JUST BECAUSE A GROUP OF CEOS SAID THAT THE INTERESTS OF OTHER “STAKEHOLDERS” SHOULD BE CONSIDERED IN CORPORATE DECISIONS DOESN’T MEAN THAT'S THE LAW
As Professor Bainbridge points out once again, the law is not what the CEOs say, or think it should be. Shareholder wealth maximization is the law. CEOs who act otherwise are endangering their own employment and the survival of their companies.
I readily concede that corporate social responsibility has its place, but only when it is consistent with the corporation’s duty to maximize the return on its shareholders’ investment.
I HAVE SAID IT BEFORE, AND I WILL SAY IT AGAIN: BUSINESSES DO NOT EXIST TO SERVE ANY “STAKEHOLDERS” OTHER THAN THEIR SHAREHOLDERS
Business corporations exist to create value for their owners by delivering goods and services. Period. I don’t care what some group of CEOs says to the contrary.
If those CEOs direct their corporations to serve the interests of parties other than the shareholders of their corporations, the market will respond negatively, and those CEOs will deserve to lose their jobs.
It’s no surprise that the idea of calling income tax exclusions and deductions “tax expenditures” came from a federal bureaucrat, is it? The idea is based on the notion, as explained in an article linked at the TaxProf Blog, that all income, with only certain theoretically defined exceptions, is the tax base.
It has huge emojis painted on it! What a great idea. I’m surprised that I haven’t heard of that particular form of expression being painted on a house before. The neighbors are angry, but based on the many similar situations I have written about, I think the emoji house owner is likely to win the argument over whether or not the city can tell her, no emojis on your house, just as she would if the city told the owner that she can’t paint her house purple.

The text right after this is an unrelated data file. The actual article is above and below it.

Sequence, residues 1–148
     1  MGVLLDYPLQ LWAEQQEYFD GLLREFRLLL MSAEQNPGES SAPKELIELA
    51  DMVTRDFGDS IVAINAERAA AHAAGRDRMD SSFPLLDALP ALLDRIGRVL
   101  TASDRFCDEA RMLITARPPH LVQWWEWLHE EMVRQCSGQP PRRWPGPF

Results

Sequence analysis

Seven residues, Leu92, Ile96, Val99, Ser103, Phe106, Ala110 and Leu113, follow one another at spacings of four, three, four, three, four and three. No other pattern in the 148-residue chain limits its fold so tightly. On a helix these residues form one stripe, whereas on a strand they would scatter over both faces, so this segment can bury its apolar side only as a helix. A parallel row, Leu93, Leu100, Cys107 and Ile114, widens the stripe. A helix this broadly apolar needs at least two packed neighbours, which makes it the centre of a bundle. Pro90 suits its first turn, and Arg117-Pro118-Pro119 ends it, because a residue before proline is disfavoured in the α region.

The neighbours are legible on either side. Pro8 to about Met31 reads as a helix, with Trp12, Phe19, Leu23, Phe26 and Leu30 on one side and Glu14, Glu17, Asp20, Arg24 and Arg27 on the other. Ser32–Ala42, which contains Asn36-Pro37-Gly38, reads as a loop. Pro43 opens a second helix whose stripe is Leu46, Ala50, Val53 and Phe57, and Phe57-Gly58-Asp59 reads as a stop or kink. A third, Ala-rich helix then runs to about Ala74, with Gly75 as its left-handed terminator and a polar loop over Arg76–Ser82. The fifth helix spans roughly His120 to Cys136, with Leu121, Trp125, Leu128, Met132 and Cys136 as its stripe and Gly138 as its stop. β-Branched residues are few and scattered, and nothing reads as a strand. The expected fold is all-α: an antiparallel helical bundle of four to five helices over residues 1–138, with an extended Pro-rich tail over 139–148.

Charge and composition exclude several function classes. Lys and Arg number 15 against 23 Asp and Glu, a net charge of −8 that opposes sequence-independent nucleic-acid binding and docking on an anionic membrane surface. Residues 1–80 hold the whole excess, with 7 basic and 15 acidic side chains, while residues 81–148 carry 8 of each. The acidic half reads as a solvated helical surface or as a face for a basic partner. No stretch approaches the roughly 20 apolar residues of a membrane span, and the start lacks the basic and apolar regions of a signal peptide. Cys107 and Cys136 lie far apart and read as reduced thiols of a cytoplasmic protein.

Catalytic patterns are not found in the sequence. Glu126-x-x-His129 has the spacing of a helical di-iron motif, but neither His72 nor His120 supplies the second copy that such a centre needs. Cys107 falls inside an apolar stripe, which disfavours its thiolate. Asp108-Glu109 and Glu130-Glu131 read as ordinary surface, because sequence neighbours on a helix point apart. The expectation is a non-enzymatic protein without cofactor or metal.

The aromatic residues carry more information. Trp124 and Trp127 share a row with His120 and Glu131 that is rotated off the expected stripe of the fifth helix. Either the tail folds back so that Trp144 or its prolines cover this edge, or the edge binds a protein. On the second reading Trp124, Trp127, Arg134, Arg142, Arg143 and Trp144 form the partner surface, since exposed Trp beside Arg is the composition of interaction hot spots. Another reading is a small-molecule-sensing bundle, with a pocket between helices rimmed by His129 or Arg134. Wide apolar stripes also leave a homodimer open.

I would have linked directly to the newspaper article, but the link in the blog where I saw this story didn’t work, so I’m just giving you the link to that blog.
The question is, what happens to a one-foot wide strip of property that remained in the ownership of the builder after construction of two attached houses on two lots on either side of the one-foot wide strip?
Pro tip: don’t buy the one-foot wide strip at the tax lien sale. Buyer beware.
NOW IT IS DEFINITELY A REGULAR SERIES: WHAT DO YOU MEAN, I CAN’T PLANT VEGETABLES ON MY OWN PROPERTY (IN THE FRONT YARD)?
Lowering the Bar spotted this example of government trying to control what citizens can do on private property. I think I have heard of “no gardens in the front yard because they are unsightly” rules before, but as long as there are busybodies in a position to make rules, there will be rules that say you can’t [fill in the blank], no matter how innocuous [fill in the blank] is, on you own property.
MY JULY REAL ESTATE LAW UPDATE IS ABOUT, YOU GUESSED IT, RULES GOVERNING WHAT YOU CAN AND CANNOT DO ON YOUR OWN PROPERTY
Last time it was moving dirt and trees. This time it’s fixing cars. Next time it will be something else. The rule makers are relentless.
Read all about it in my new Real Estate Law Update for the month of July, posted in the publications section at DeconciniMcDonald.com. Let me know what you think.
THERE’S A GUY RUNNING FOR PRESIDENT WHO IS SERIOUSLY ADVOCATING FOR A UNIVERSAL BASIC INCOME; IT’S STILL A REALLY BAD IDEA
I’m not going to link to any news items about him, because I don’t want to do anything that will promote him or his ideas. I’m mentioning it because I want to do what I can to spread the word that universal basic income is a bad idea whose time has not come and never will. Just because a guy running for president is promoting it doesn’t mean it has any merit.
What’s worse, the guy wants to pay for the universal basic income by imposing a value added tax in the United States. That’s an idea that has its own major problems, as I have pointed out before.
I am often critical of law review articles. Usually it’s because I think the writers have an insufficient grasp of the potential real-world effects of their ideas.
A law review article linked at TaxProf Blog (which is where I usually read about them) last week seems different. It sounds like a straightforward analysis and proposed fix of the federal tax code treatment of sales of interests in partnerships.
Yeah, partnership tax. For me, the final frontier.
The contents of this blog, this web site, and any writings by me that are linked here, are all my personal commentary. None of it is intended to be legal advice for your situation.